Ashley Deibert says when she lands in a new marketing leadership role at a company, she spends the first 90 days assessing three factors that she believes are critical to peak performance:
- What the current levels of marketing activity are (digital ads, content marketing, etc.)
- Whether the right technology is in place
- Whether her team members are positioned properly to maximize their skills
Deibert took that approach after starting her job as chief marketing officer at Piano Software, Inc., last June. The company provides a platform for digital publishers to help them monetize content and create reader revenue through subscription models.
By the time Deibert’s first-quarter assessment was complete, it was clear to her that the company’s marketing and sales technology needed an overhaul. Within months, she added 6sense, an account-based marketing platform; she switched the company’s CRM to Salesforce, which she was more familiar with and which she felt was an upgrade; she added Outreach, a sales engagement tool; she added a data cleansing tool to enhance their customer database; and she added UberFlip, a content marketing platform designed to improve the experience of self-educating prospects. Later in the year, understanding how the pandemic was changing every company’s marketing strategy, she purchased software that improves the quality of hosting virtual events and making virtual presentations.
Deibert said she made these investments confident that each of them would help improve Piano’s bottom line. At 38, she is a decade and half into her marketing career. Although different members of her team have greater in-depth knowledge about the capabilities of the technology that she added, she says she has a strong understanding of how each component strengthens Piano’s sales and marketing processes.
Deibert speaks with the confidence of a leader who digs into the details of marketing and sales technology in order to make smart decisions. She says she began assessing Piano’s marketing technology (martech) stack — and the willingness of company leaders to invest in upgrades — while she was still interviewing for the CMO position.
“I discovered when it came to the internal martech stack, the tools were rudimentary for what we needed as a scaling organization,” she said. “I feel like they were waiting for someone like me to come along and figure it out.”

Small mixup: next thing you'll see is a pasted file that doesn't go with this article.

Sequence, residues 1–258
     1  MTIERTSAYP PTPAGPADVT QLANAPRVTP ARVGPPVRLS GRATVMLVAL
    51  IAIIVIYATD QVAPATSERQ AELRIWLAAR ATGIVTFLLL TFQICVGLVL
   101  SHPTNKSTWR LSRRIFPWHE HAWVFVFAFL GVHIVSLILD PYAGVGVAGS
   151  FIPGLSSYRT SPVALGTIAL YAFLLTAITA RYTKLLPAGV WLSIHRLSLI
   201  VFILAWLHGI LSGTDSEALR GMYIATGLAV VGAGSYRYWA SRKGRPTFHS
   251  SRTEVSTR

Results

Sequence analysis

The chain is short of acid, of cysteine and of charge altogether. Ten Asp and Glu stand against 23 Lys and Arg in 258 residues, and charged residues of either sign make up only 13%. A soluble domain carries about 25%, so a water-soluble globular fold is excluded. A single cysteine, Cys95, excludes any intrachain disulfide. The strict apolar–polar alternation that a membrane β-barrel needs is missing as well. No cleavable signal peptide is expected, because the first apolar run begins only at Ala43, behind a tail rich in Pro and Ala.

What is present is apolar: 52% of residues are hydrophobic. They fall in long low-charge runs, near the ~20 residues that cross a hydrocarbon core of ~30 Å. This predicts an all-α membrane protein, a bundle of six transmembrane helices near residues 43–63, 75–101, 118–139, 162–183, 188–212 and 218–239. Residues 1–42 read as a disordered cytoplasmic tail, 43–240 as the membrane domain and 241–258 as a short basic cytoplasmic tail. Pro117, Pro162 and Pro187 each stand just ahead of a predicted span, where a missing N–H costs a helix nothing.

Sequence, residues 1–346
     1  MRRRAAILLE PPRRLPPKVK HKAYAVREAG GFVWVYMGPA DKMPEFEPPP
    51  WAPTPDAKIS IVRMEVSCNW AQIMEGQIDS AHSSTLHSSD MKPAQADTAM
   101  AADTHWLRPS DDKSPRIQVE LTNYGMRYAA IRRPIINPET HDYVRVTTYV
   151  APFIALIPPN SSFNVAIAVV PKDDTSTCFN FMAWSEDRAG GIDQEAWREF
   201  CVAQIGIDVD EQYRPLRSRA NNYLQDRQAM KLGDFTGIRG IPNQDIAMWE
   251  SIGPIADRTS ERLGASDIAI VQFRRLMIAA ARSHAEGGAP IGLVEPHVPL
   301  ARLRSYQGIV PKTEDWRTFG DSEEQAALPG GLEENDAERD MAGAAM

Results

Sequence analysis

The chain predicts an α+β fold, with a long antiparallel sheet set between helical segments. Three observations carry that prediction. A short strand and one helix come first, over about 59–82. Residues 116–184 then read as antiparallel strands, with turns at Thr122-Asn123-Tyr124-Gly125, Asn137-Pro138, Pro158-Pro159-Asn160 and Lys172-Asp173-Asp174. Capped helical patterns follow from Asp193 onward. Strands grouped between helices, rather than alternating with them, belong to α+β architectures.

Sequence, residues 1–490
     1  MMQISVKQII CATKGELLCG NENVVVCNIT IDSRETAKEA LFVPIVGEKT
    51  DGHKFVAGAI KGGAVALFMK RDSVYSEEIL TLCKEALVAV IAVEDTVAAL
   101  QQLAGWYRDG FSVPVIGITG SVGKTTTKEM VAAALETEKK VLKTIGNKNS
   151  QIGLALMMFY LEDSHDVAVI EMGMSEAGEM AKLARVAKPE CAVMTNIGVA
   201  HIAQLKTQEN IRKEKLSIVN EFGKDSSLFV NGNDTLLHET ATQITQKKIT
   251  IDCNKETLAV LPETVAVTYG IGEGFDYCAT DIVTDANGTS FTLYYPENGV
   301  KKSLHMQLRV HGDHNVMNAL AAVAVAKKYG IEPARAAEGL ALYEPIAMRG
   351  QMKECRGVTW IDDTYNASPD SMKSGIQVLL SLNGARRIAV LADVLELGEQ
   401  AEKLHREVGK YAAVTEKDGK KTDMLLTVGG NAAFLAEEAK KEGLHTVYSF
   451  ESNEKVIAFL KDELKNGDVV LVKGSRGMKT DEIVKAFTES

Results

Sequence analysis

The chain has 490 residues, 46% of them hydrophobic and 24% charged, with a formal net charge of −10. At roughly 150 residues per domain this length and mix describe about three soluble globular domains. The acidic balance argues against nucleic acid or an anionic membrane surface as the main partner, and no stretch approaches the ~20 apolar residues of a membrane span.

A Dearth of Digitally Savvy Leaders
Deibert is an anomaly, according to a 2020 study of top management teams. A report on the study was published in a recent issue of MIT Sloan Management Review. A survey of C-level executives and leaders of functions at 1,948 large companies globally found that only 7% of companies have digitally savvy executive teams. The report states that among the companies studied, the average top management team has nine members. Overall, only 17% of individual team members are digitally savvy.
“Digital savviness is an understanding, developed through experience and education, of the impact that emerging technologies will have on a business’s success over the next decade,” the report states.
This dearth of technological know-how has consequences, the report states. Companies with executive teams in which half or more of its members are digitally savvy have 48% higher revenue growth and higher valuations (share price to sales ratio) and 15% higher net margins than the rest of the companies studied.
It’s not even necessary to hit the 50% tech-savvy threshold to reap some performance gains. Incremental advances in digital savviness also pay off. The study found that for every 10% increase in top team digital savviness, there is a 0.4 percentage point increase in profitability and a 0.7 percentage point increase in revenue growth, compared with the industry average.
Head of marketing is one of five management roles the study identified as having the strongest statistical link to high performance. The others are CEO, CFO, head of corporate communications and investor relations, and head of compliance and legal.
How Digitally Savvy Top Teams Drive Performance
The most digitally savvy top teams are far more likely to produce results through innovation and empowered workforces than the least savvy teams.
SOURCE: MIT Sloan Management Review
Sales and Marketing Leaders Lag
Perhaps not surprisingly, the study found that the leadership roles with the highest percentage of digitally savvy workers were chief technology officer (47%), chief information officer (45%) and unit president/geography president (35%). All other leadership roles had a digitally savvy rate of less than 25%, including head of marketing (23%) and head of sales (15%).
“Being digitally savvy means challenging business assumptions, predicting and influencing the financial impact of business and technology decisions, and understanding the road map and prioritizing investments to become future ready,” Arno Daehnke, CFO of Standard Bank Group, Africa’s largest lender by assets, told MIT Sloan Management Review.